The output of the fitted base learner is the projection of the natural gradient on to the range of the base learner class. This projected gradient is then scaled by a scaling factor since local approximations might not hold true very far away from the current parameter position. The scaling factor is chosen to minimize the overall true scoring rule loss along the direction of the projected gradient in the form of a line search. In practice, we found that implementing this line search by successive halving of (starting with ) until the scaled gradient update results in a lower overall loss relative to the previous iteration works reasonably well and is easy to implement.

Once the scaling factor is determined, the predicted per-example parameters are updated to by adding to each the scaled projected gradient which is further scaled by a small learning rate (typically 0.1 or 0.01). The small learning rate helps fight overfitting by not stepping too far along the direction of the projected gradient in any particular iteration.

The pseudo-code is presented in Algorithm 1. For very large datasets computational performance can be easily improved by simply randomly sub-sampling mini-batches within the operation.

2.5 Qualitative Analysis and Discussion

(a) 0% fit
(b) 33% fit
(c) 67% fit
(d) 100% fit
Figure 4: Contrasting the learning dynamics between using the ordinary gradient (top row) vs. the natural gradient (bottom row) for the purpose of gradient boosting the parameters of a Normal distribution on a toy data set. With ordinary gradients, we observe that “lucky” examples that are accidentally close to the initial predicted mean dominate the learning. This is because, under the ordinary gradient, the variance of those examples that have the correct mean gets adjusted much more aggressively than the wrong means of the “unlucky” examples. This results in simultaneous overfitting of the “lucky” examples in the middle and underfitting of the “unlucky” examples at the ends. Under the natural gradient, all the updates are better balanced.
Splitting mismatch.

The splitting mismatch phenomenon can occur when using decision trees as the base learner. NGBoost uses the natural gradients as the response variable to fit the base learner. This is in contrast with friedman_greedy_2001 where the ordinary gradient is used, and with chen_xgboost:_2016 where a second order Taylor approximation is minimized in a Newton-Raphson step. When NGBoost uses regression trees as the base learner, the sample variance of the natural gradient serves as the splitting criteria and the sample mean in each leaf node as the prediction. This is another way of making the splitting and linesearch criteria consistent, and comes ”for free” as a consequence of using the natural gradient in a somewhat less decision tree-specific way. This is a crucial aspect of NGBoost’s modularity.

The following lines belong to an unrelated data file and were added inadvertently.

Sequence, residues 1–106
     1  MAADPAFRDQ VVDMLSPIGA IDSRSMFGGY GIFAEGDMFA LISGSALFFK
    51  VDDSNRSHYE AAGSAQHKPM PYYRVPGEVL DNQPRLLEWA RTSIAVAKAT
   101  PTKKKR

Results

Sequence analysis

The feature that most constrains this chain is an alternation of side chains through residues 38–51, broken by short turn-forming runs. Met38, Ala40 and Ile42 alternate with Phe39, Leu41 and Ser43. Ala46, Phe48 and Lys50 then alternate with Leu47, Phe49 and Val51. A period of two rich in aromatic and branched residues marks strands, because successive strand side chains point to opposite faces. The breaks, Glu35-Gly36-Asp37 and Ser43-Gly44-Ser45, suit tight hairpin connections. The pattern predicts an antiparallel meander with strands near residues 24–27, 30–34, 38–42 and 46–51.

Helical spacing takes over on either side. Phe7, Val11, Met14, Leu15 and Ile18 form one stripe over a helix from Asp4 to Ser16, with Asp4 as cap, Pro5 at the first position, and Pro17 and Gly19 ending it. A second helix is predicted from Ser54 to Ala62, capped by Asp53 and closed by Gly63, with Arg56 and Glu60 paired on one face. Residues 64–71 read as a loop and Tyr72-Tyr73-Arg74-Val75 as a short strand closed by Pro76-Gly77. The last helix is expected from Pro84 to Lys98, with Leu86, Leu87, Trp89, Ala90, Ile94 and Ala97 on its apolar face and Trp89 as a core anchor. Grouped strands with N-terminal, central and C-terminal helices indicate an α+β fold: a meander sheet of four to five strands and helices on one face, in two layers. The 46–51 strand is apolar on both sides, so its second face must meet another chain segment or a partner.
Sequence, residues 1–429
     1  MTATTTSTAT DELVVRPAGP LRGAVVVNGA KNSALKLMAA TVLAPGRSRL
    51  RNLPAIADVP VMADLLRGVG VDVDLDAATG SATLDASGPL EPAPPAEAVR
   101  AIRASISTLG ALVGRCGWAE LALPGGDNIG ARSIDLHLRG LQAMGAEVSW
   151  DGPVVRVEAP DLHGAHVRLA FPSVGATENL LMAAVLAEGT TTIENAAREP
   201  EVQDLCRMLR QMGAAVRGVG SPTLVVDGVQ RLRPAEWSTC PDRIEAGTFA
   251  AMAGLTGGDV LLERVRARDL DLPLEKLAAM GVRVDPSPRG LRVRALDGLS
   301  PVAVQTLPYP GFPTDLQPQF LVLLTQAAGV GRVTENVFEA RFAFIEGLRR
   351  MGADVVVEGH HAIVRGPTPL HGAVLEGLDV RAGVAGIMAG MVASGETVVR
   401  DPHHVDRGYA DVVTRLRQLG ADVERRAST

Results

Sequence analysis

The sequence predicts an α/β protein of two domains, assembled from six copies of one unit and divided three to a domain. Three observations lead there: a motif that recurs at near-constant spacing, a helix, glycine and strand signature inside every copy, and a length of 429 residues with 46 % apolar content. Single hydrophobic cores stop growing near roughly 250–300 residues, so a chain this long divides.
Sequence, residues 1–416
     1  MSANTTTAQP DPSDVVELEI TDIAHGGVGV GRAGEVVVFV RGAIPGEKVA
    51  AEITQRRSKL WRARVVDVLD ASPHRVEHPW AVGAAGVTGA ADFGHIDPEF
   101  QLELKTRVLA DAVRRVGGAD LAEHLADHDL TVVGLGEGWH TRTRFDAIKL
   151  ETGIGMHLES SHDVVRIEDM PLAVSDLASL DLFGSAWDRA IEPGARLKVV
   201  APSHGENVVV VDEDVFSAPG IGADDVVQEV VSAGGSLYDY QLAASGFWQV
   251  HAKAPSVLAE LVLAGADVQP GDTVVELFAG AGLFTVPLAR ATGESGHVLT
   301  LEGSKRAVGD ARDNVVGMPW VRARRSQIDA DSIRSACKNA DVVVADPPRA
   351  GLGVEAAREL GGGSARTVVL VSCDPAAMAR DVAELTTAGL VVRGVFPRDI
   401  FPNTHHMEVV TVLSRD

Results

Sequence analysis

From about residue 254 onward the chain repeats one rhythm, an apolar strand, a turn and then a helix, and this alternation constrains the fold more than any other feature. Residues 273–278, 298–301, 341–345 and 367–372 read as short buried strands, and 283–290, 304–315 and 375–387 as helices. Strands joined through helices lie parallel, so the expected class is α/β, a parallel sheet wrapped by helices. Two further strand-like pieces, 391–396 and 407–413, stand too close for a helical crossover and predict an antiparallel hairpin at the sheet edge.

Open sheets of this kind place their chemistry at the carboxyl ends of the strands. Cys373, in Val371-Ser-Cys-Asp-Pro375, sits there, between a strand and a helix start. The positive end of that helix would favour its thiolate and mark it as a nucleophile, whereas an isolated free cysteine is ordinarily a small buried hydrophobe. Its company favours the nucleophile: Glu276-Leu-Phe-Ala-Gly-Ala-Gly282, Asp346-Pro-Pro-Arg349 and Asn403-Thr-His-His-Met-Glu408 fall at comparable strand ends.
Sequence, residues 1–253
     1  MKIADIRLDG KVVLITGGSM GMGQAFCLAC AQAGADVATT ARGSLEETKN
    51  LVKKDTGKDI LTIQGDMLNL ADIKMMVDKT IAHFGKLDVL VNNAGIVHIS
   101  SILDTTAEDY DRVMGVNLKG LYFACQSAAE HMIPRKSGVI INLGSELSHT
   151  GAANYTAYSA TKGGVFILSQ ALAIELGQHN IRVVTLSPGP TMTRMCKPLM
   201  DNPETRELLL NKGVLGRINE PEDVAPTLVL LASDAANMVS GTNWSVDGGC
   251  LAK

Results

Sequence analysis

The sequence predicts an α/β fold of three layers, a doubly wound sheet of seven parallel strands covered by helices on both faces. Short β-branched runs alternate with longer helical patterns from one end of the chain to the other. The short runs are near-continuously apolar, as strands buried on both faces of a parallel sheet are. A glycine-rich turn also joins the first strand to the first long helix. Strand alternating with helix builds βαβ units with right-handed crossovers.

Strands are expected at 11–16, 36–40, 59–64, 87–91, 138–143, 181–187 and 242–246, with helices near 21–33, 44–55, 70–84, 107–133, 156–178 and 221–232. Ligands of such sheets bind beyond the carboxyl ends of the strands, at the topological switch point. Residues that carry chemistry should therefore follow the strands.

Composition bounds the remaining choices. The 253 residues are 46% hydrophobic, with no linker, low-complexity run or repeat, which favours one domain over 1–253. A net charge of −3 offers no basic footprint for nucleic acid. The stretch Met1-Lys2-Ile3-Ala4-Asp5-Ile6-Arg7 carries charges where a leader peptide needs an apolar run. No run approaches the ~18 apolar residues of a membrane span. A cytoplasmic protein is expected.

Parametrization.

When the probability distribution is in the exponential family and the parameters are the natural parameters of that family, then a Newton-Raphson step is equivalent to a natural gradient descent step. However, in other parametrizations and distributions, the equivalence need not hold. This is especially important in the boosting context because, depending on the inductive biases of the base learners, certain parametrization choices may result in more suitable model spaces than others. For example, one setting we are particularly interested in is the two-parameter Normal distribution. Though it is in the exponential family, we use a mean () and log-scale () parametrization for both ease of implementation and modeling convenience (to disentangle magnitude of predictions from uncertainty estimates). Since natural gradients are invariant to parametrization this does not pose a problem, whereas the Newton-Raphson method would fail as the problem is no longer convex in this parametrization.